As reports emerge today of a further two self-immolations near the Tibetan town of Ngaba in Eastern Tibet and continuing Chinese violence targeting Tibetan monasteries, there are increasing calls upon governments to take a stand on China’s tyranny in Tibet. In England a campaign has been launched to lobby the Foreign and Commonwealth Office (equivalent of the State Department) which next week is to meet with Chinese officials, for what’s described as a Human Rights Dialogue. Unfortunately that department has a key strategic objective, the appeasement of China, so we can expect little genuine progress or forceful criticism!
Its leading minister, William Hague, fulfils the required pilgrimage to Beijing to placate the communist Chinese regime and assure them of England’s continuing servility, an action demanded not least of all due to massive national debt, a not inconsiderable amount of which was generated by borrowing from China through the sale of UK Government bonds, in return for astronomical Chinese loans. Political and commercial relations have always driven Mr Hague’s Foreign Office policy towards China and despite the platitudes on human rights and Tibet; he told his Chinese counterpart, “We want to see long-term stability for Tibet, which in our view implies work on human rights and greater autonomy”, the English political establishment is callously indifferent to Tibetan self-determination and nationhood. While continuing to ignore the political objectives of the struggle waged by Tibetans inside Tibet, in favor of supporting the Dalai Lama’s proposal for accepting Chinese rule, that seeks a supposed improved autonomy.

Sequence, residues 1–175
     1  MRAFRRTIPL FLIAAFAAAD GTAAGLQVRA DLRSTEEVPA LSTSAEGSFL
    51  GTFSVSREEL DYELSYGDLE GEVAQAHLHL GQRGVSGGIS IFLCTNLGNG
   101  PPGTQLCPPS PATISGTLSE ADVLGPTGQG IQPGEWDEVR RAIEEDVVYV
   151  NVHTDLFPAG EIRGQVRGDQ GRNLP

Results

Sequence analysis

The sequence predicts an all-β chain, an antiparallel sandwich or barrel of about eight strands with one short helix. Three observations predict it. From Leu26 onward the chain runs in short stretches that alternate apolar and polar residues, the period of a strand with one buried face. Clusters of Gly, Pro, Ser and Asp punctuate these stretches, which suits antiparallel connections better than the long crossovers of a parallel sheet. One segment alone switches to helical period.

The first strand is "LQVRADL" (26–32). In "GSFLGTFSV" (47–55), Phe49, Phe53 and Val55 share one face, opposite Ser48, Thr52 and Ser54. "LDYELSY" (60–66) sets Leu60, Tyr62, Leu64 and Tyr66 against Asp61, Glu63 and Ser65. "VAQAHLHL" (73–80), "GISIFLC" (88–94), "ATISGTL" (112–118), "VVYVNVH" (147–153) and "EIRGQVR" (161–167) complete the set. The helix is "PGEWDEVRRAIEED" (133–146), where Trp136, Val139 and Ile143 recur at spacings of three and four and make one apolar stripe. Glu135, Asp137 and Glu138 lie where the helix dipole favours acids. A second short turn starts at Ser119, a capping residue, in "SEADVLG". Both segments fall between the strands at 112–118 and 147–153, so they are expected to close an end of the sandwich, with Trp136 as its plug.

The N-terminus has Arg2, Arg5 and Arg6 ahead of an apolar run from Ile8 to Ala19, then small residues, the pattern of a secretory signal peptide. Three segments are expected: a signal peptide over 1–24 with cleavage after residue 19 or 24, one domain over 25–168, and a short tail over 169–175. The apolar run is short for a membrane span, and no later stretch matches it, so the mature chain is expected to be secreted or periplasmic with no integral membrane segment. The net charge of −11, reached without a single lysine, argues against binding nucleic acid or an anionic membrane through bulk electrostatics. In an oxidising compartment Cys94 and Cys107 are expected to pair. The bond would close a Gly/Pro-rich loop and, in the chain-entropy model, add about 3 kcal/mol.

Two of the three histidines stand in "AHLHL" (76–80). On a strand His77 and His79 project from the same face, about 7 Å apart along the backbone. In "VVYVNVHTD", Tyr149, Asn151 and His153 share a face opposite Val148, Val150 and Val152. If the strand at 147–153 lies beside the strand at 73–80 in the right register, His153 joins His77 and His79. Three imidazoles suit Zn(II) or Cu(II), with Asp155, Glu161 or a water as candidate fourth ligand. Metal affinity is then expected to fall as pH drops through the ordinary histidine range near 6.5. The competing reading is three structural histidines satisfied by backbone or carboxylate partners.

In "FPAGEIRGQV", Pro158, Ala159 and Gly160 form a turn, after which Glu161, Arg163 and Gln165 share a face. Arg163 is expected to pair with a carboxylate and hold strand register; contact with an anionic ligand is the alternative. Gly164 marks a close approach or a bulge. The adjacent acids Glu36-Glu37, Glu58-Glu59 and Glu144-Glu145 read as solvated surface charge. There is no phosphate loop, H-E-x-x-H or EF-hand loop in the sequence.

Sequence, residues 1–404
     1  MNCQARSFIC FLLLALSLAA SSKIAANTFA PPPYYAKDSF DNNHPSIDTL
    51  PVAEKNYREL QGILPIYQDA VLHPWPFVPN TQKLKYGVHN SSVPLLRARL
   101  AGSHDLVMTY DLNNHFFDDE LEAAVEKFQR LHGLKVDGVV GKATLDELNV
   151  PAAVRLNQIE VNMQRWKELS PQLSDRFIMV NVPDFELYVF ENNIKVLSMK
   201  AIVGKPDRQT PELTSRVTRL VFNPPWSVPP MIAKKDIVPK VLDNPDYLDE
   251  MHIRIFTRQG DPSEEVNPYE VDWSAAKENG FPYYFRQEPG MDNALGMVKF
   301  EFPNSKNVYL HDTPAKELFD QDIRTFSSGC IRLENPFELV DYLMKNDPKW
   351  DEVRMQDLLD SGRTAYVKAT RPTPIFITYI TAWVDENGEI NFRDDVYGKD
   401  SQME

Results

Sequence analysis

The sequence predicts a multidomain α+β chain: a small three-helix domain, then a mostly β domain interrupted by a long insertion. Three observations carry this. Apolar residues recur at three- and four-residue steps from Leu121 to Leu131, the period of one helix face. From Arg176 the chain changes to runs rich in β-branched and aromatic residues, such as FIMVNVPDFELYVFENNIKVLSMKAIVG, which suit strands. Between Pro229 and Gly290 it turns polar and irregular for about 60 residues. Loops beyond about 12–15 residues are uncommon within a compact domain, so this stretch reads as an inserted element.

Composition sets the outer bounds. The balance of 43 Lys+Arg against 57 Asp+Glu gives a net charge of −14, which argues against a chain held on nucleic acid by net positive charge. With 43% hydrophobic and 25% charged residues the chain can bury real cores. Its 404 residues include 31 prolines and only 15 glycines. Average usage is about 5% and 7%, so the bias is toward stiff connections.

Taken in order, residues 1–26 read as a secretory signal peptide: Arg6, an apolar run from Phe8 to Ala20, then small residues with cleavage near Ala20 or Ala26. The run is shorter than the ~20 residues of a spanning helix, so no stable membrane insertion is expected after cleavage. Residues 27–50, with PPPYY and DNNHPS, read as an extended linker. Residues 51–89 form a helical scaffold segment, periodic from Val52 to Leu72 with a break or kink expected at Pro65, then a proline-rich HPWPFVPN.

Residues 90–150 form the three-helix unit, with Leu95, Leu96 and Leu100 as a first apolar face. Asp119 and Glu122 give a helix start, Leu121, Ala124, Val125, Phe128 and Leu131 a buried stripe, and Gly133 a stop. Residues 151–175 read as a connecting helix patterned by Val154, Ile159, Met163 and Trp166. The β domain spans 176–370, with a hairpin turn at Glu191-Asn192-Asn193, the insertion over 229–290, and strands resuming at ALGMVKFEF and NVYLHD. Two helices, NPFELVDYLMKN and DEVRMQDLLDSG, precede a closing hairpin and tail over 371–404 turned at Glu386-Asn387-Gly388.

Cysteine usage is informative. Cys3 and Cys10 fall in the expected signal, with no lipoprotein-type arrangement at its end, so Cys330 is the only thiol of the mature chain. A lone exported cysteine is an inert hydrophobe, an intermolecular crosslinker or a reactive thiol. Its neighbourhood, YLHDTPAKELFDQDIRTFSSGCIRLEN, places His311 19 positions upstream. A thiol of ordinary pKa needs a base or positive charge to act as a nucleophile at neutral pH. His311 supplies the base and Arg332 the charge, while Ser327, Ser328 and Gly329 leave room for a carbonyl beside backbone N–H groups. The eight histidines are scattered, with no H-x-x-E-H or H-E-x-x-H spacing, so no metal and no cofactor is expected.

Such hand wringing hypocrisy from William Hague derives from a long established tradition of English foreign policy that in essence does not give a damn about Tibet or its people, should there be any doubt on that, ask @WilliamJHague WHY his Department continues to keep silent on China’s program of forced sterilizations, despite being acutely aware of those medical atrocities.